The doctrine of Scripture is essential to the ministry of the Word. To argue this, the article defines the inspiration of Scripture, its authority, its inerrancy, and its sufficiency. Then the article demonstrates how these relate to the preaching of the Word, and how the ministry of the Word must shape the life of the congregation.
This is the first article in a series on various doctrinal issues facing the church today. Here the author evaluates the claim that God gives believers today special revelation, Working from the history of mysticism and Quakerism, the author shows how this claim undermines the sufficiency of scripture.
Looking at the battle of the Bible, this article shows that the church has been challenged to confess the inerrancy, sufficiency and authority of scripture. The auther discusses how both fundamentals and modern evangelicals have answered this challenge, calling Christians to have confidence in the word of God.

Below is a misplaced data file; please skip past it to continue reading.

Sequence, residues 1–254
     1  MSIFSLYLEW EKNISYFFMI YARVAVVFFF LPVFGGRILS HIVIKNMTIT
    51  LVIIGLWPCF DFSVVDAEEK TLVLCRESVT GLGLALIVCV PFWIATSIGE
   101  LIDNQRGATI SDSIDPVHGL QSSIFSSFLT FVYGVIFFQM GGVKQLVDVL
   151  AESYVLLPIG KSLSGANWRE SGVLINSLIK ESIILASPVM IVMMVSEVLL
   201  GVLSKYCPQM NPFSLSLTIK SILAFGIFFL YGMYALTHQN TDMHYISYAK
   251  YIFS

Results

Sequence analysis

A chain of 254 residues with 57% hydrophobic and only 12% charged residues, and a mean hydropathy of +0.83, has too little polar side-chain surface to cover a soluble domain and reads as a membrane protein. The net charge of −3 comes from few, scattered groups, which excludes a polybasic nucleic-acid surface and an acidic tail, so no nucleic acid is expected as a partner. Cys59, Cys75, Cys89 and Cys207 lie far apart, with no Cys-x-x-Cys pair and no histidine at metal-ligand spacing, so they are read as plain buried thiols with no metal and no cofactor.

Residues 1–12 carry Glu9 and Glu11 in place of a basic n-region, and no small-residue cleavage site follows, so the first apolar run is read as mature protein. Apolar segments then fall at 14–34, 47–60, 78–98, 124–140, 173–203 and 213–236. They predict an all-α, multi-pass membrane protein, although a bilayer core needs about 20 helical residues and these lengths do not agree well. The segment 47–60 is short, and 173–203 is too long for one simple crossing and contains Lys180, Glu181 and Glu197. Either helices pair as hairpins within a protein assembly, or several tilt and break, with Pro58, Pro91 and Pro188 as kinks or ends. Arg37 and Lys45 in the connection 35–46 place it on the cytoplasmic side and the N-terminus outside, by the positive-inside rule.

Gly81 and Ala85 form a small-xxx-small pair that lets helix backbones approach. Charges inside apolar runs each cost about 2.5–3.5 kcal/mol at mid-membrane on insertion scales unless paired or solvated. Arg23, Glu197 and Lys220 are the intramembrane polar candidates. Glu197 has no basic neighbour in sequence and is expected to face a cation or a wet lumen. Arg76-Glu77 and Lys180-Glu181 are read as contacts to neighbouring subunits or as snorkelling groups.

Throughout the history of the church, heretics often protested against orthodox confessions on the ground of the so-called "non-scriptural language" of the orthodox creed. They pointed out that phrases such as “of one essence with the Father,” and “one substance with the Father” were not to be found in Scripture. Heretics often used the argument “no creed but the Bible” precisely so that they could use biblical language to evade biblical truth.